I wanted to write today about two people I admire greatly.
First is Randy Babbitt. I first met Randy when he was President of the Air Line Pilots Association, in 1993. President Clinton had appointed him to a commission chaired by my former boss, former Virginia Governor Gerald L. Baliles (as an aside, he now runs the University of Virginia’s Miller Center, they’ve just produced a very important report, Are We There Yet: Selling Americans on Transportation, which I recommend highly).
I was the Clinton/Baliles Commission’s executive director. I worked closely with Randy and found that he was always in search of new and better ways to help lead the aviation industry into the future. He took positions on some issues, like foreign investment, that were surprising and constructive. He was a major part of the commission’s success. And in the years following we worked together on a wide variety of issues.
When President Obama appointed him to head the FAA I felt it was a job for which Randy had prepared his whole career. We’ve had some fine people head the FAA during my time, but I don’t think anyone was better prepared. When the events of late last year unfolded, his being pulled over and brought in and then leaving FAA, it was a tough day for all of us. When I had a chance to sit with Randy and find out what really happened, I was angry. As we all now know, and as that judge saw for himself on the video, this is something that never should have happened. Whether it was a mistake by the officer or a flaw in the system or whatever, he should not have been pulled over, he should not have been brought in, and he should still be running the FAA.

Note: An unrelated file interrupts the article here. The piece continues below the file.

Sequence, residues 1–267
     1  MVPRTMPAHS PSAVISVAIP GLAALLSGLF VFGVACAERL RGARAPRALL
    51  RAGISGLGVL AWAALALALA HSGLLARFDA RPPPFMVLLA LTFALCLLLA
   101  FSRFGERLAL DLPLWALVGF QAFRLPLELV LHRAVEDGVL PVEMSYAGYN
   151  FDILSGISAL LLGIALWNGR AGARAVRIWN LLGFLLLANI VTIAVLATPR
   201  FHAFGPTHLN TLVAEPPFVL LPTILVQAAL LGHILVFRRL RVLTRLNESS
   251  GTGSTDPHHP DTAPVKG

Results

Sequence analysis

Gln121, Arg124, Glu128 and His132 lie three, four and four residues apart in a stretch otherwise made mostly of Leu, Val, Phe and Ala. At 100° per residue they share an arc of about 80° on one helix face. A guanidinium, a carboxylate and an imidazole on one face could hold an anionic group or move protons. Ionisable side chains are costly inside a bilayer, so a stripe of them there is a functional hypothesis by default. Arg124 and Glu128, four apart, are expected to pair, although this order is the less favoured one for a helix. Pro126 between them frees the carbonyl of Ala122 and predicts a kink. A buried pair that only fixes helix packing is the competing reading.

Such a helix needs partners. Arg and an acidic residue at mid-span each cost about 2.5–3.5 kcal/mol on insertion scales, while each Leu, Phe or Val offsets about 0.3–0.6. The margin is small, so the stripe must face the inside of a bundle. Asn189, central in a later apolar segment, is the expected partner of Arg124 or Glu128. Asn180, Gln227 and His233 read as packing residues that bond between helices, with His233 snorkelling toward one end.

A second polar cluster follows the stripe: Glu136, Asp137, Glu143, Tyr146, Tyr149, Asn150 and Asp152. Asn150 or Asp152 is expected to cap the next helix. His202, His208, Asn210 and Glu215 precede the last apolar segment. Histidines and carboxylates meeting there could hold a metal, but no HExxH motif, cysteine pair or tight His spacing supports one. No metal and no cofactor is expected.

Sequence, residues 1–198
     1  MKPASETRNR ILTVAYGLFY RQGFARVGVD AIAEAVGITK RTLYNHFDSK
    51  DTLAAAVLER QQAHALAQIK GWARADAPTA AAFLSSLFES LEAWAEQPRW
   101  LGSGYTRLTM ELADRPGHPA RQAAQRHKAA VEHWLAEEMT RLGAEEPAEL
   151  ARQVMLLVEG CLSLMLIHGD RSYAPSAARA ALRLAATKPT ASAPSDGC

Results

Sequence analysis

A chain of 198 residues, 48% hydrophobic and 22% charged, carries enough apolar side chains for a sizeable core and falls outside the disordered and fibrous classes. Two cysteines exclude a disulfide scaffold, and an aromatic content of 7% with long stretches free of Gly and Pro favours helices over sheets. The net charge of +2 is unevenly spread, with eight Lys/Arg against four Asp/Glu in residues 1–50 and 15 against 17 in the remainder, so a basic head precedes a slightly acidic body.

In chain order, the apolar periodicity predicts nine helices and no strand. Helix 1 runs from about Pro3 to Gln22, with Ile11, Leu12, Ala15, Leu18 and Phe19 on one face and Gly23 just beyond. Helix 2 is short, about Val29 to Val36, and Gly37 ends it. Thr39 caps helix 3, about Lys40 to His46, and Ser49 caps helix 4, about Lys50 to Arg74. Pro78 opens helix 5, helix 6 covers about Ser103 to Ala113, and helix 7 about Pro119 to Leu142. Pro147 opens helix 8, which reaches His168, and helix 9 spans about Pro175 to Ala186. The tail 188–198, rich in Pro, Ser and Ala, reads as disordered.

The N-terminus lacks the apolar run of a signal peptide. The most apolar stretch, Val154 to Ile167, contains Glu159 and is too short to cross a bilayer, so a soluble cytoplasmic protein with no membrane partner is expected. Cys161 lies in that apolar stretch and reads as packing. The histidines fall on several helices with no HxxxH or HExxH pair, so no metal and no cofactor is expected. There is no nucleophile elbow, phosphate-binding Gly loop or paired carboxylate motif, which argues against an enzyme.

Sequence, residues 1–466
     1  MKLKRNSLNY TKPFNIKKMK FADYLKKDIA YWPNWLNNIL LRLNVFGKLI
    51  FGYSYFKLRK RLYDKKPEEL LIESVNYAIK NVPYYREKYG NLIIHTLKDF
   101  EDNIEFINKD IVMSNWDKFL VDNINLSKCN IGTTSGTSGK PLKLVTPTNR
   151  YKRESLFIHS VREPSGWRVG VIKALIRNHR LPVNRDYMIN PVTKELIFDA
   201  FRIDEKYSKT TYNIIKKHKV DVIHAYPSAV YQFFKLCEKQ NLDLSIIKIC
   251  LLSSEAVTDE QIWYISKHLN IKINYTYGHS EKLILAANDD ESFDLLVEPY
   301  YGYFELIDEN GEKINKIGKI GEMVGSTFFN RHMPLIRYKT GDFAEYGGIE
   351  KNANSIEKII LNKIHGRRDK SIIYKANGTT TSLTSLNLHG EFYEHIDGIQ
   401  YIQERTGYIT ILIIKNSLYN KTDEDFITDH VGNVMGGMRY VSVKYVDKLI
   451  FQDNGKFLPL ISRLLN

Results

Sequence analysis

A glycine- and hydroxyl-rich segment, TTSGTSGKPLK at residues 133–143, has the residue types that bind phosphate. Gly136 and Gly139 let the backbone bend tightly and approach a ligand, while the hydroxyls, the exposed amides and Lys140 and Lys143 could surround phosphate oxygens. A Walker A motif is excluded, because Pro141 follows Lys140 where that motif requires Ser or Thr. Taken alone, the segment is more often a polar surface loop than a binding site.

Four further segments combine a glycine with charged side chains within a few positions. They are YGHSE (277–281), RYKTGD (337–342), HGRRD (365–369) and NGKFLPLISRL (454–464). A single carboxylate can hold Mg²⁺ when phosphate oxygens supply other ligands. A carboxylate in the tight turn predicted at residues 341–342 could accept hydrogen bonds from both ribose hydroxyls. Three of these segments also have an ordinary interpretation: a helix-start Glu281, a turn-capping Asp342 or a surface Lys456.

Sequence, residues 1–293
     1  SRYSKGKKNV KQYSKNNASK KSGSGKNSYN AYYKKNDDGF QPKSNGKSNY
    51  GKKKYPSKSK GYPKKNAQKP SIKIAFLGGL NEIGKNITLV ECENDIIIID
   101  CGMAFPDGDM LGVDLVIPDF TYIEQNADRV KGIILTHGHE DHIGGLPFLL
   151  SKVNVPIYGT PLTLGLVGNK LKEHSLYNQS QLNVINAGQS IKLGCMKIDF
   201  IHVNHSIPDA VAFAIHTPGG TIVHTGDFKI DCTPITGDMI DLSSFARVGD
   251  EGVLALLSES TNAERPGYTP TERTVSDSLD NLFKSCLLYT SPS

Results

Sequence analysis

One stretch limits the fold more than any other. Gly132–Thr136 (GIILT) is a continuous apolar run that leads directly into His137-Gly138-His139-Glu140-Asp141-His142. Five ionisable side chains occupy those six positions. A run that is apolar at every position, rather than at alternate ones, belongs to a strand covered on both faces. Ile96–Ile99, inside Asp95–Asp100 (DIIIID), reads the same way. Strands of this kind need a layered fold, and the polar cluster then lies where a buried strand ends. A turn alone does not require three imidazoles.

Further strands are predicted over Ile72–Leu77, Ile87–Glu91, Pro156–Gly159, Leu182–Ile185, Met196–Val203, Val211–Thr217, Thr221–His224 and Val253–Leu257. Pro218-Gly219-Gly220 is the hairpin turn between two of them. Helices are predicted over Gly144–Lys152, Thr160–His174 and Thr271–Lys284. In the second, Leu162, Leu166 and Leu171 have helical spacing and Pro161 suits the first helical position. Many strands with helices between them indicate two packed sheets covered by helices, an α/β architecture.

As my folks always told me, life is not fair. But I am so glad that Randy has been, rightly, exonerated, and that the aviation industry will once again be able to rely on his experience and wisdom.
Second, is Nicholas deB. Katzenbach, who passed away this week at the age of 90. Katzenbach was a key member of JFK’s Justice Department and is the guy who faced down Gov. George Wallace, literally, at the schoolhouse door. He played an indispensable role in the civil rights advances of the 1960’s, and in the Johnson Administration was made Attorney General. Later, he moved over to the State Department as an Undersecretary; the kind of move that would be impossible in today’s Washington, but back then people made such moves for the good of the country. While there, he played a role in the effort to change the course of our Vietnam policy; an effort that was overwhelmed by bigger forces.
In the end, Katzenbach made a huge difference in the life of our country for years to come. His book, “Some Of It Was Fun” is an excellent read; I recommend it highly. He was one of those people whose name is perhaps not widely known but who made a huge difference that history will long remember. Nicholas deB Katzenbach. RIP.